Office personnel should not evaluate rebuttal evidence for its “knockdown” value against the prima facie case, Piasecki, 745 F.2d at 1473, 223 USPQ at 788, or summarily dismiss it as not compelling or insufficient. If the evidence is deemed insufficient to rebut the prima facie case of obviousness, Office personnel should specifically set forth the facts and reasoning that justify this conclusion.

III.RECONSIDER ALL EVIDENCE AND CLEARLY COMMUNICATE FINDINGS AND CONCLUSIONS[edit | edit source]

A determination under 35 U.S.C. 103 should rest on all the evidence and should not be influenced by any earlier conclusion. See, e.g., Piasecki, 745 F.2d at 1472-73, 223 USPQ at 788; In re Eli Lilly & Co., 902 F.2d 943, 945, 14 USPQ2d 1741, 1743 (Fed. Cir. 1990). Thus, once the applicant has presented rebuttal evidence, Office personnel should reconsider any initial obviousness determination in view of the entire record. See, e.g., Piasecki, 745 F.2d at 1472, 223 USPQ at 788; Eli Lilly, 902 F.2d at 945, 14 USPQ2d at 1743. All the proposed rejections and their bases should be reviewed to confirm their correctness. Only then should any rejection be imposed in an Office action. The Office action should clearly communicate the Office’s findings and conclusions, articulating how the conclusions are supported by the findings.

Where applicable, the findings should clearly articulate which portions of the reference support any rejection. Explicit findings on motivation or suggestion to select the claimed invention should also be articulated in order to support a 35 U.S.C. 103 ground of rejection. Dillon, 919 F.2d at 693, 16 USPQ2d at 1901; In re Mills, 916 F.2d 680, 683, 16 USPQ2d 1430, 1433 (Fed. Cir. 1990). Conclusory statements of similarity or motivation, without any articulated rationale or evidentiary support, do not constitute sufficient factual findings.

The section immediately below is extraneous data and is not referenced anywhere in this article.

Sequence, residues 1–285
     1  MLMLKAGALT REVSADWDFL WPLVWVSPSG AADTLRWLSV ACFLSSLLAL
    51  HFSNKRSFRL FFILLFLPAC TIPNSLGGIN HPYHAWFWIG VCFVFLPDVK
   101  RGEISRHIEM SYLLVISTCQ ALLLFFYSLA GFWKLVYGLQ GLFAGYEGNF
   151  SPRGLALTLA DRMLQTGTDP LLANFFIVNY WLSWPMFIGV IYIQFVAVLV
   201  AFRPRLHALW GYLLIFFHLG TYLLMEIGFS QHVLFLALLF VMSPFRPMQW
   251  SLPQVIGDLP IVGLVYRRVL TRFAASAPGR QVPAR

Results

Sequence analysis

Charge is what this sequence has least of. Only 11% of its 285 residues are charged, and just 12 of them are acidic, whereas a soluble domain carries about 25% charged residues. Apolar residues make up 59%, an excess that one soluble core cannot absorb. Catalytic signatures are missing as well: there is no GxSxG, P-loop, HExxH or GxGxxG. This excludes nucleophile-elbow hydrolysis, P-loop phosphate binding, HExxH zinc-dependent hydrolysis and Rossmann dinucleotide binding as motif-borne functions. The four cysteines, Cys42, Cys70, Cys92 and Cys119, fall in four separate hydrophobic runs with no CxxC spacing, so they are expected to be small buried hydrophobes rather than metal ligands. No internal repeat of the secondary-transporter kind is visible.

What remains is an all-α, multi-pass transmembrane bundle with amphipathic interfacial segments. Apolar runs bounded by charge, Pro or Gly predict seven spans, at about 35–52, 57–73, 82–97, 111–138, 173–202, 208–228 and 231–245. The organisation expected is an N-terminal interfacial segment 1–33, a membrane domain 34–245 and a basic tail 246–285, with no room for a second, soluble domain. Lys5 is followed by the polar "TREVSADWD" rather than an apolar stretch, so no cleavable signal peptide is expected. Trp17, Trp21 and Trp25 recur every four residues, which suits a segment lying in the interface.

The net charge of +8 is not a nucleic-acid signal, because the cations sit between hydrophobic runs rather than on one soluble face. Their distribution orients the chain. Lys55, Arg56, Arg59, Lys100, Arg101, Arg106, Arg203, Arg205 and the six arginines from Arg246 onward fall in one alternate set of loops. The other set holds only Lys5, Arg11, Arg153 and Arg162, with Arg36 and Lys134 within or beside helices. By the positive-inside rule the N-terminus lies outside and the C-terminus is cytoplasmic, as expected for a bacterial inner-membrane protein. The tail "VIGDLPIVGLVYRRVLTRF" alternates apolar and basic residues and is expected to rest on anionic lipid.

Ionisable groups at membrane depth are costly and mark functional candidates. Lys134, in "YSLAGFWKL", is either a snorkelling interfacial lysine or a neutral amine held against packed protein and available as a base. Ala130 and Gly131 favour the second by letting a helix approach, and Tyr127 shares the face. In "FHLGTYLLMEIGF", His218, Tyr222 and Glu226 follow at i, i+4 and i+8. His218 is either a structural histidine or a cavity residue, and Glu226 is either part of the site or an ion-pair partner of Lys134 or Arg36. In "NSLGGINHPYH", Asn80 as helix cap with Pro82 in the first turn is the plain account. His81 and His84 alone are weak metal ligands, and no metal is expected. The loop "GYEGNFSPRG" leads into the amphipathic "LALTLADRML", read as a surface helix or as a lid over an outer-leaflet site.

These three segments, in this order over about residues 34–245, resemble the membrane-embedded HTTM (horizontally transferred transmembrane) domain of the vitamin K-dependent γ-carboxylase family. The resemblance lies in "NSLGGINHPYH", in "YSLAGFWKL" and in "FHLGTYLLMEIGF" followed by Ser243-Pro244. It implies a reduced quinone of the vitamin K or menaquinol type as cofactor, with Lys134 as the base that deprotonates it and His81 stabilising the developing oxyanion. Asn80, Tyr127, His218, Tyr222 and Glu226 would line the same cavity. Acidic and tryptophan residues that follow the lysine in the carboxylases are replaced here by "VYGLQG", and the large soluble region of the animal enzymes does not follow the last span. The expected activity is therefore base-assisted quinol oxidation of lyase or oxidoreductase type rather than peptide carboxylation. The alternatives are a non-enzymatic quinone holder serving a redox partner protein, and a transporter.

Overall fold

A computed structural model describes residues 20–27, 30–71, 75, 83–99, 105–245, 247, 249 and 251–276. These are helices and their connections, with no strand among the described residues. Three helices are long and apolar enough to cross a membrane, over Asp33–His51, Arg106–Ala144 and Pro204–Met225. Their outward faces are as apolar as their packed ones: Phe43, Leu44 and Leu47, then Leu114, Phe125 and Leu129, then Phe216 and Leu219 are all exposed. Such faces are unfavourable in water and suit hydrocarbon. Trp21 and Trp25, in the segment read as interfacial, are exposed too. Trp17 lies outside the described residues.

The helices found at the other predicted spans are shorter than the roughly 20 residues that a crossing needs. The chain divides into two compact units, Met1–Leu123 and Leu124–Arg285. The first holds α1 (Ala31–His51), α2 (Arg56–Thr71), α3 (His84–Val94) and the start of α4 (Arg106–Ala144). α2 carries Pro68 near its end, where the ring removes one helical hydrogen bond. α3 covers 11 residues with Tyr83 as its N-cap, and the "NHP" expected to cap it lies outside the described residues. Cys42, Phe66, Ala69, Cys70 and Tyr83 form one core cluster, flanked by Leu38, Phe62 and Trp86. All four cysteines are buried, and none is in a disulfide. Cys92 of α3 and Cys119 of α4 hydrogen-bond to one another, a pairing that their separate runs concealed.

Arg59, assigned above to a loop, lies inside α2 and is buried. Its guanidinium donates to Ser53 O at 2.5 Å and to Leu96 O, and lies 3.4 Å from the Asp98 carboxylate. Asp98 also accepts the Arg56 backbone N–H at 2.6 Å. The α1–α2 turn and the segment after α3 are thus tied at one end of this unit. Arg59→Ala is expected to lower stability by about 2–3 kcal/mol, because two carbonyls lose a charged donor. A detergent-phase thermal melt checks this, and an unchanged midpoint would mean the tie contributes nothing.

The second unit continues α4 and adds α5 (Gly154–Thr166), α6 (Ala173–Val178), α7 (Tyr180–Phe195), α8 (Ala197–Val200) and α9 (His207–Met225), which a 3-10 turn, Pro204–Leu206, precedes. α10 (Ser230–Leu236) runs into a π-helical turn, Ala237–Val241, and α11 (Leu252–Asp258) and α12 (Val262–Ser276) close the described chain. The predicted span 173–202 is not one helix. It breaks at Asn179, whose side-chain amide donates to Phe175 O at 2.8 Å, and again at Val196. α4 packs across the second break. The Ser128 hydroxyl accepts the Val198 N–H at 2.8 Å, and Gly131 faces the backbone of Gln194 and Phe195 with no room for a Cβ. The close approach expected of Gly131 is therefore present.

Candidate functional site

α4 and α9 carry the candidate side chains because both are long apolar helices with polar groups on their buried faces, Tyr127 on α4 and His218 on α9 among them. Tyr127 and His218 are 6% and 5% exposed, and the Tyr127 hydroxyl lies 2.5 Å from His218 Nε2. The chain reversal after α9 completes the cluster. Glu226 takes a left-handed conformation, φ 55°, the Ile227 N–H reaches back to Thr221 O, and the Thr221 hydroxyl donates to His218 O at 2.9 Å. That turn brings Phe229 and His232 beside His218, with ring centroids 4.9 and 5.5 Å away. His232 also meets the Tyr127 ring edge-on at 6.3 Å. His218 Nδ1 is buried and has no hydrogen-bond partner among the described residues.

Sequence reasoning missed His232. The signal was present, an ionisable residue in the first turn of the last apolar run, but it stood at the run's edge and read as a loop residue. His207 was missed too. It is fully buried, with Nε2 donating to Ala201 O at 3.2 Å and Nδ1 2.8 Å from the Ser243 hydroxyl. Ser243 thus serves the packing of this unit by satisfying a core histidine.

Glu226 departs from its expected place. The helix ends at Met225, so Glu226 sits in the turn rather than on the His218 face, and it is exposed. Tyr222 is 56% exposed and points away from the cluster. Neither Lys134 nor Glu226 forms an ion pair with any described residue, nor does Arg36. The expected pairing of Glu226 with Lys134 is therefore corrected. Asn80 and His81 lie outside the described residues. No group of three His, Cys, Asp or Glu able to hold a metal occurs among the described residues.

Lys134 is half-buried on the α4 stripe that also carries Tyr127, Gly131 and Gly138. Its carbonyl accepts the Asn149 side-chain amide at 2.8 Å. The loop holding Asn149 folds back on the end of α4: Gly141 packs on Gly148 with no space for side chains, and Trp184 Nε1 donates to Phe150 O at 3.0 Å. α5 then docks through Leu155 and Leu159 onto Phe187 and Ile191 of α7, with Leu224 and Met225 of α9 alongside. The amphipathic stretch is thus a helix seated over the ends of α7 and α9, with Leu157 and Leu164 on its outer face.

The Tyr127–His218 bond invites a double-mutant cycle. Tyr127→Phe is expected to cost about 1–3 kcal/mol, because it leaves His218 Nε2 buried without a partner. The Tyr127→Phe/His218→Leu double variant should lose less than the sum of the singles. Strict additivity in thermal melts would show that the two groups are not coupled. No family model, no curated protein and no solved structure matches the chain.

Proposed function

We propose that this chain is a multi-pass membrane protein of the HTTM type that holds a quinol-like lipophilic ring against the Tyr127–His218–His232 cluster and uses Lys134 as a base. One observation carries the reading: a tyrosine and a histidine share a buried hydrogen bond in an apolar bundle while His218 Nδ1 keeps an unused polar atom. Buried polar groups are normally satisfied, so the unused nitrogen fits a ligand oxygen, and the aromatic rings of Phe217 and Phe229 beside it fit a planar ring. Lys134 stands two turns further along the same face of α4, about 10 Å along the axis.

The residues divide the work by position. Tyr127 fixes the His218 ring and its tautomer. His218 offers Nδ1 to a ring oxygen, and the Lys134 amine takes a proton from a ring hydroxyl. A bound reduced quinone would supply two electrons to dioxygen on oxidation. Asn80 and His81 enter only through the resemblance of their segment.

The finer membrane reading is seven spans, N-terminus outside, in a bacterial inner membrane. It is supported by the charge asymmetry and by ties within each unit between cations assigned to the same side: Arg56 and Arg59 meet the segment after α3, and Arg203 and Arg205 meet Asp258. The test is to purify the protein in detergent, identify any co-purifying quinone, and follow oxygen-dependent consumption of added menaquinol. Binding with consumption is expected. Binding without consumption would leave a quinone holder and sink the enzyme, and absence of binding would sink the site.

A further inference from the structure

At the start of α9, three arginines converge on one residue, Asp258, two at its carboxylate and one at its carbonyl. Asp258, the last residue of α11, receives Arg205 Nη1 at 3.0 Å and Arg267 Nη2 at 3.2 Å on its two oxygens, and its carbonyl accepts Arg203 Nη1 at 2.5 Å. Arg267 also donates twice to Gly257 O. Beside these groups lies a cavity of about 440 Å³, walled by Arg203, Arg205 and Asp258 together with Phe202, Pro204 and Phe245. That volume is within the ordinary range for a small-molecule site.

2144.09 Close Structural Similarity Between Chemical Compounds (Homologs, Analogues, Isomers)[edit | edit source]

REJECTION BASED ON CLOSE STRUCTURAL SIMILARITY IS FOUNDED ON THE EXPECTATION THAT COMPOUNDS SIMILAR IN STRUCTURE WILL HAVE SIMILAR PROPERTIES[edit | edit source]

A prima facie case of obviousness may be made when chemical compounds have very close structural similarities and similar utilities. “An obviousness rejection based on similarity in chemical structure and function entails the motivation of one skilled in the art to make a claimed compound, in the expectation that compounds similar in structure will have similar properties.” In re Payne, 606 F.2d 303, 313, 203 USPQ 245, 254 (CCPA 1979). See In re Papesch, 315 F.2d 381, 137 USPQ 43 (CCPA 1963) (discussed in more detail below) and In re Dillon, 919 F.2d 688, 16 USPQ2d 1897 (Fed. Cir. 1991) (discussed below and in MPEP § 2144) for an extensive review of the case law pertaining to obviousness based on close structural similarity of chemical compounds. See also MPEP § 2144.08, paragraph II.A.4.(c).